One thing putting together a physical mixer console has taught me is how capable Reason’s original virtual rack-mounted 14 stereo channel (28 mono channel) mixer, known as the reMIX Virtual Tec MX 28-4-14, was / is. The reMIX has since been replaced by the virtual SSL 9000k mixing console and it, of course, blows the reMIX out of the water in terms of functionality.
But one thing it taught was the power of using what you have wisely. The reason is because you were limited to 14 channels (even if you were using a mono source, such as a subtractor, you still wanted to apply FXs, EQ or panning from the reMIX, which made you use up an entire channel strip). Of course, you could chain multiple reMIXes together without taking up a channel slot (as well as passing on the 4 FX’s to each mixer). But it still taught you a valuable lesson of doing more with less.
Learning from the old methods
When Reason 2.5 came out, in 2003, the wonderful Spider Audio splitter / merger device was introduced. This allowed us to merge in audio tracks that didn’t need their own, dedicated channel. Before the combinator was introduced in Reason 3, this was an effective way to make multi-instrument sounds but treat them as one single instrument (as they would appear in the mixer as one channel).
Even though we had an unlimited amount of reMIX mixers to put in our rack, you really tried to make your production be about quality-versus-quantity (at least the professionals did).
Then the virtual SSL 9000K came out and, even though we could do unlimited mixers before in Reason, now we could do unlimited channels in one mixing console. The reMIX of Reason is a rack mixer (I find it very visually similar to an Allen & Heath XB-14-2) and the “SSL” (which is not officially associated with SSL for obvious reasons) is much more like a 64 channel 9000K.
So, with the virtual SSL, it can be very easy to simply not worry about how many channels your project has. But, surprisingly, having a physical mixer console throws you right back into the same headspace as you had with the reMIX. You start looking at ways to optimize the number of channels your project has.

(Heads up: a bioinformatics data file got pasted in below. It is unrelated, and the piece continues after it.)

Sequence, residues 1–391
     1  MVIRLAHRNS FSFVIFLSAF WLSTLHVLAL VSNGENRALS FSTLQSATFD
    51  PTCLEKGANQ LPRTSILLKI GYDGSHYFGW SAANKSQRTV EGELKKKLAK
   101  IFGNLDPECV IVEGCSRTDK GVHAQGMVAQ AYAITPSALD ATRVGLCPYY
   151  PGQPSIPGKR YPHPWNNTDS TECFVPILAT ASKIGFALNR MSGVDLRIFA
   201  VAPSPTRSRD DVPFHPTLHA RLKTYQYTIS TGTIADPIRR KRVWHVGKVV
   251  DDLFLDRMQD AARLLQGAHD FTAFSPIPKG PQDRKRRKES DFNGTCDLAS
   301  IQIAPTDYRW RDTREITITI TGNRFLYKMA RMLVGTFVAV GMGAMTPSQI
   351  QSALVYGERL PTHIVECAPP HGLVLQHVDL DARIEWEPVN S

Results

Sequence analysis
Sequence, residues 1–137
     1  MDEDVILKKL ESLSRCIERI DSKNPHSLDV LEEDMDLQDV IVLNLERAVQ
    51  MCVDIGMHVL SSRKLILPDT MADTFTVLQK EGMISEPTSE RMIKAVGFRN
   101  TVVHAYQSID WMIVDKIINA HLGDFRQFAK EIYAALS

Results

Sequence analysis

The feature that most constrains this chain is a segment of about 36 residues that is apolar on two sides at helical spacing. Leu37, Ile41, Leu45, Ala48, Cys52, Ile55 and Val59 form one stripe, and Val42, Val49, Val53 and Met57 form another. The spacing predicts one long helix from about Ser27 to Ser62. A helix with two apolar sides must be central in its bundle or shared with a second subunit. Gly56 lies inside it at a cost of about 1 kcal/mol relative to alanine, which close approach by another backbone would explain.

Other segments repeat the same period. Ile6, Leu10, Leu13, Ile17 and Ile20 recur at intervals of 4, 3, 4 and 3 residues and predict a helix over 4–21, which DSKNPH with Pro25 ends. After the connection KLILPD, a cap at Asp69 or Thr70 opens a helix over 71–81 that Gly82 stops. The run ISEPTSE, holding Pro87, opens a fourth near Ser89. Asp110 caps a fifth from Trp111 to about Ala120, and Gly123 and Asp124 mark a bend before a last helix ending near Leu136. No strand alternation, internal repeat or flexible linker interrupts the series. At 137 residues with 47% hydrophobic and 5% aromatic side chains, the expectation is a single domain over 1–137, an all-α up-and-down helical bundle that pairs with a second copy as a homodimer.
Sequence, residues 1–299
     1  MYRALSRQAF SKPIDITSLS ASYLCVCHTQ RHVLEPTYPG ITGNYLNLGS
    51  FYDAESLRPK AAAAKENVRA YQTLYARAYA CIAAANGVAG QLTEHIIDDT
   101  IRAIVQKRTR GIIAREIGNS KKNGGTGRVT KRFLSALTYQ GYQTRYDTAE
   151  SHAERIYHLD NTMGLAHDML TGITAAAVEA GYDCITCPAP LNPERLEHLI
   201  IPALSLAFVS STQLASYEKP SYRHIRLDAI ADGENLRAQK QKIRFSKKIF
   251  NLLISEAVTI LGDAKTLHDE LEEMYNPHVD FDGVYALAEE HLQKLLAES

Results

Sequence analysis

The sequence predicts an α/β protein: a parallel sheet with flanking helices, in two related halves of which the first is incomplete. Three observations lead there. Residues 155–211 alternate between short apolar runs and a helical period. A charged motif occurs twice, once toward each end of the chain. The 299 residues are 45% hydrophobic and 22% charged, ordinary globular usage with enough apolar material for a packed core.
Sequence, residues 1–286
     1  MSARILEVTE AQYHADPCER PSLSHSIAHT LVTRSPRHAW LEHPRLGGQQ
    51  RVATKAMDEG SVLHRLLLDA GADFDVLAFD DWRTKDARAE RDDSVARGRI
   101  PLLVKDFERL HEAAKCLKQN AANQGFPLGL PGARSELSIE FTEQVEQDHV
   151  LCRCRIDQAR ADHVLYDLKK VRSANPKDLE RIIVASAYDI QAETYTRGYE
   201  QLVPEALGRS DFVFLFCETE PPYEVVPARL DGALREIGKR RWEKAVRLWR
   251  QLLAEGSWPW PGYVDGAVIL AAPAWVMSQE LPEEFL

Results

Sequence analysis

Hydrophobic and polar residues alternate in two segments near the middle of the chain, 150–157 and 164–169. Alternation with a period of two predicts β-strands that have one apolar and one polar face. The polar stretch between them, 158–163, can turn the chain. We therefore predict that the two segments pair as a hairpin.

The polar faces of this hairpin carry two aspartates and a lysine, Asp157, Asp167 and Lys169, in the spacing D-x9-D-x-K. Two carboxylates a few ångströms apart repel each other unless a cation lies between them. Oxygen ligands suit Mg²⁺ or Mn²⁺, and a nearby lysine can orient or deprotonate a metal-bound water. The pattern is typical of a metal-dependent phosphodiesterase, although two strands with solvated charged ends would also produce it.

Physical mixers dictating virtual mixers
Take mixers that are designed to control virtual mixers, such as the Behringer BCF2000. It has 8 motorized faders. It groups 8 channels into banks, which it can instantly jump between in Reason. So channels 1-8, 9-16, 17-24 and so forth. It seems like it’s a non-issue. But when you’re trying to label your channels with console tape (artists tape), you quickly realize that being careless with how many channels you create definitely has its drawbacks.
I realized this myself. I was already pretty good about not needlessly creating mixer channels, but I had bus channels in most songs . I started taking a look to see if those bus channels were actually useful. When doing parallel processing, such as in the mixer tape photo at the top (the channels labeled “FOGGY KEYS”), using buses are important (especially when each channel uses automation). And, in situations like the photo below, using a bus can be a very useful for separating vocals and the music.
But 90% of the time, bussing was not necessary. Sure, I had some situations where I was applying a bus to two (parallel) channels and had send FXs on the bus itself, but removing the bus and adjusting the levels and applying the same send FXs wasn’t hard.
Removing bus channels reduced the number of mix channels my projects used and forced me to rely on utilizing features of the channels themselves, such as using the gain knob to control the overall level of a channel with automation rather than lazily creating a bus for it.
Efficient channel useage
And this brings us back to the reMIX 14:2. I have a Behringher BCF2000 mixers with 8 motorized faders each, which gives me 8 channels as one single channel bank. Most of my songs, once I removed the lazy busses, are able to fit in under 16 channels.
This is why I have even more respect for the reMIX. It has 14 channels yet I can easily see that being enough channels if someone were really creative enough. I’ve found some of my most naturally melodic songs seem to have the fewest channels. Yet the songs that weren’t naturally melodic seem to have many more channels. I believe this is because, without such a strong melody or a melody that is capable of alternating, more elements are needed at different points throughout the song. Thus, the stronger (more melodic) a song, the fewer channels that are needed.
I think starting out using a virtual rack mixer has been better because, by limiting me, it helped form better habits. For instances, you’ll notice I don’t do BS individual mix channels for each drum (kick, snare, tom, etc). For live recorded drums, it’s needed. But not drum machine or sequencer drums. I make any tonal changes to the drums themselves in either Kong or Redrum (such as the tone and pitch knobs), do individual FXs directly in Kong or FX-chaining with Redrum and the panning is even done in the drum machines. Any extra EQing is fully manageable via the SSL channel strip. And compression is managed via the mastering suite.
The one thing I typically make as a separate channel are cymbal crashes and that’s simply because cymbal crashes have a nasty habit of punching holes through the limit protection of the mastering suite (clipping), requiring “level riding” (aka automation) or special treatment.
Physical organization helping virtual organization
It really is intersting to see a return to the mindset of being conservative about mixer channel use.
Later. – MJ